How to Clean an Office Chair

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The hardworking office chair may be one of the most neglected items in office maintenance and cleaning. Cleaning the chair regularly, such as every three to six months -- especially if you share the seat with a coworker -- keeps it looking good and providing the support you need to get your work done.

Office Chair Cleaning

Things You'll Need

  • Dropcloth or plastic sheet
  • Canned compressed air
  • Vacuum cleaner with brush and crevice attachments
  • All-purpose cleaner and paper towels or microfiber cloth
  • Scrub brush
  • Dull knife
  • Rubbing alcohol and cotton balls or swabs
  • Lubricant spray

Step 1: Set Up

Spread a dropcloth or plastic sheet under the office chair. Blow out the dirt from the chair's joints and movable parts using a can of compressed air, the type used for cleaning computer keyboards and other electronics. Be sure to follow the product's safety instructions.

Step 2: Vacuum Thoroughly

Vacuum the entire chair from top to bottom to remove surface dust and dirt. Use a hose or hand-held vacuum with a brush attachment. Attach the crevice tool to get into the space where the seat back joins the seat.

Step 3: Clean the Wheels

Turn the chair over so you can clean the wheels, making sure it is firmly supported by the seat and back. Use the crevice tool on your vacuum to remove debris caught inside the wheels. Use a surface cleaner and paper towels or microfiber cloth as needed to remove caked-on dirt from the outside of the wheels. Sometimes a scrub brush or dull knife is helpful to scrape dirt off the wheels. Finish by wiping down the wheels with rubbing alcohol on a cotton ball. Use cotton swabs with rubbing alcohol to clean inside the narrow parts of the wheel.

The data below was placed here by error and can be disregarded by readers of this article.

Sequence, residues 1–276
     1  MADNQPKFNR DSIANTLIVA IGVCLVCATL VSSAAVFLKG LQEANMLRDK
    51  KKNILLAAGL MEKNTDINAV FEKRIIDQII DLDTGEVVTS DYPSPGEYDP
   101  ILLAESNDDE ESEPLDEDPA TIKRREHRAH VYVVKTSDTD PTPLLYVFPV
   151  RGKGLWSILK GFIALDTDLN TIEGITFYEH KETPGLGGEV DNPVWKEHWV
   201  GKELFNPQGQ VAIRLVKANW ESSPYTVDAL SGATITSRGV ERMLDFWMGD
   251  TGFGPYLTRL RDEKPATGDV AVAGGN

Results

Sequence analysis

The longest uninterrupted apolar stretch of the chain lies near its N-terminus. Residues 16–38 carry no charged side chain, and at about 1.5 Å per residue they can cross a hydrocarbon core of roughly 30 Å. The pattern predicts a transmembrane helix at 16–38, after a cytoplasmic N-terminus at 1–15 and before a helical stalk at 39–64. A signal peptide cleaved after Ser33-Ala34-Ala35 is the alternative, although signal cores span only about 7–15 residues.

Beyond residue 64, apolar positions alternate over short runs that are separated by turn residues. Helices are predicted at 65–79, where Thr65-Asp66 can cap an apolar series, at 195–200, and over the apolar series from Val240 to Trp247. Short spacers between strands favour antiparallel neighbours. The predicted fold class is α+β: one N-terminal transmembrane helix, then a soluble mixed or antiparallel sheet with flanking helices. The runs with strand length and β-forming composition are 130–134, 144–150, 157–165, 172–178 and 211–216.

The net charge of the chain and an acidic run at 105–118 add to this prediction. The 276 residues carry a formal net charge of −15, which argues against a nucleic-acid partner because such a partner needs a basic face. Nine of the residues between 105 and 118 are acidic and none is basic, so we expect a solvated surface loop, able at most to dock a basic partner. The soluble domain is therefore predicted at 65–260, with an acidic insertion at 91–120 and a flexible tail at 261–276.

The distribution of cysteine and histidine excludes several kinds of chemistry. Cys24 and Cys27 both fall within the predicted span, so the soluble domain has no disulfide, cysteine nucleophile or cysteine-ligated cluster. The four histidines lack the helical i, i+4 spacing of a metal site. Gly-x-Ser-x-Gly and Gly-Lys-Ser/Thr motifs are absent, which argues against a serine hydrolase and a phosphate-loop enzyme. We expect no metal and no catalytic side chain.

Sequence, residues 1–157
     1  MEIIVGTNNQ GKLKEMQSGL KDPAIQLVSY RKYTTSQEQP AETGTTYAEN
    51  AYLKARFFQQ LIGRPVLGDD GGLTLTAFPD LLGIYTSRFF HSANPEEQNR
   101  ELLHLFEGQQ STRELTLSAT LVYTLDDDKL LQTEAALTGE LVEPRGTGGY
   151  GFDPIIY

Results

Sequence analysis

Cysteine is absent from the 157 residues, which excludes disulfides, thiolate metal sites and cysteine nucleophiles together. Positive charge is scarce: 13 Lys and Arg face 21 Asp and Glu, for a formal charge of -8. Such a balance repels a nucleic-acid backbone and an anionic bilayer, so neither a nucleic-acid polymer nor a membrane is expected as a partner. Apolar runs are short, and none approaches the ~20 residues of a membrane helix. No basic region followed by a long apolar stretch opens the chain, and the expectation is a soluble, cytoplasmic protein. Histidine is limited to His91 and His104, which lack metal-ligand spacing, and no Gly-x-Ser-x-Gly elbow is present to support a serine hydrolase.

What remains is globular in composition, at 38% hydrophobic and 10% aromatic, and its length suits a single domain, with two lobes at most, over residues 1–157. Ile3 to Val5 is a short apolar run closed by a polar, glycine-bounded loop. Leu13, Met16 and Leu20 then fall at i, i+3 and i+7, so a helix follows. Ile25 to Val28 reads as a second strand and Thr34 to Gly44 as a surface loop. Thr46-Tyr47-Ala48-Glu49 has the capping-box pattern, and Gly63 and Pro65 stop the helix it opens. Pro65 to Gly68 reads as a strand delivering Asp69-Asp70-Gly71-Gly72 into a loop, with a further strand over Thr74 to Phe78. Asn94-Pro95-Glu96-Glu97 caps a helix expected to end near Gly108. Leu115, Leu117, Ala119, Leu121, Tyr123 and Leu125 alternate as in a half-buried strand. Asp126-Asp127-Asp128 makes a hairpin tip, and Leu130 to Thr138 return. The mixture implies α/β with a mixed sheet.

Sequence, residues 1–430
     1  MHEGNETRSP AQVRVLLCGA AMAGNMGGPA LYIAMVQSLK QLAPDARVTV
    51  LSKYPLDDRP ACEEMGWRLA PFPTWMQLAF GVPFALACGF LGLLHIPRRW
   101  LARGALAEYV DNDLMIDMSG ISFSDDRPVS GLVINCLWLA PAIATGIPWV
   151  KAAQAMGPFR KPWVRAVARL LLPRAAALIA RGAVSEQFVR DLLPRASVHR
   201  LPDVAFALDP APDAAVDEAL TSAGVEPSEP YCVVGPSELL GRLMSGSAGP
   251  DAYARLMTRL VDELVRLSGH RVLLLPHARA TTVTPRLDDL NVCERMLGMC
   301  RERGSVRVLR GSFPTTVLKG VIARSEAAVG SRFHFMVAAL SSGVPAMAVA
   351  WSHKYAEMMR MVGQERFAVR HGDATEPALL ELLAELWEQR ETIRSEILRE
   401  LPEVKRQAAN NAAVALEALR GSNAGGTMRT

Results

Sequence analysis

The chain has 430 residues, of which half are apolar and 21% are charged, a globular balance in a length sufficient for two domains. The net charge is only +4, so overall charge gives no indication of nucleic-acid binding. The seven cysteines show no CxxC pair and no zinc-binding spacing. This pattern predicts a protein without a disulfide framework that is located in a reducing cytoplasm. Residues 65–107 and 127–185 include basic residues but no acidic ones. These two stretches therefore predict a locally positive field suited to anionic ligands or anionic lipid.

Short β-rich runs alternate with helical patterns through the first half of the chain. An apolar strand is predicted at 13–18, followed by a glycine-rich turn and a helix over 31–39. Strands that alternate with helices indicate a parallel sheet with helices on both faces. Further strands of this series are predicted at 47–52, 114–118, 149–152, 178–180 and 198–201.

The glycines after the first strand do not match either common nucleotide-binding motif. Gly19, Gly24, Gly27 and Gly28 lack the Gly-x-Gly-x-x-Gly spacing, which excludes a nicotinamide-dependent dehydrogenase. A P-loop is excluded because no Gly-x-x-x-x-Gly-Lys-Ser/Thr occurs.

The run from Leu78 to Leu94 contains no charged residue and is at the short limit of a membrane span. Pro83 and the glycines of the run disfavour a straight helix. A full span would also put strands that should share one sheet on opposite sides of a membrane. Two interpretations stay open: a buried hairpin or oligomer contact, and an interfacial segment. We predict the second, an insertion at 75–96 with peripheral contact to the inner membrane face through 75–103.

Step 4: Wipe Down

Turn the chair upright and wipe down the arms, back and other non-fabric parts with an all-purpose surface cleaner and paper towels or microfiber cloth. Spot-treat any stains on the fabric with an appropriate stain-removal product; you can also clean the fabric surface by wiping it with a barely damp microfiber cloth.

To clean the seat and back of mesh office chairs, dip a sponge in warm, soapy water and ring it out well. Wipe down the mesh parts of the chair. Remove the soap by wiping it again with a clean sponge wrung out in plain water.

Step 5: Make Final Adjustments

Adjust tension wheels and other settings on your chair as needed to keep it comfortable. The mesh on a mesh chair can often be adjusted separately; this may need to be done every few months. Lubricate the wheels and other moving parts as needed to keep them operating properly.

Deodorizing an Office Chair

When your chair is new, it may have that new-chair smell that some people find disturbing. Usually the "new" odor dissipates in a week or so, but you may be able to speed it up with one of these tricks:

  • Give your chair a day off by placing it outside in the fresh air.
  • Indoors, place an air purifier next the chair and leave it operating over the weekend. Or, preferably in a well-ventilated space, set up a fan to blow directly on the chair.  
  • Make a home-made deodorizer by mixing 1 cup of baking soda in a jar with a few drops of essential oil, such as lavender or cinnamon. Cap the jar and shake well. Sprinkle the mixture over the fabric parts of the chair and let it stand for 15 minutes; then vacuum to remove the baking soda. This is also a good way to freshen an older chair that smells a bit "off."
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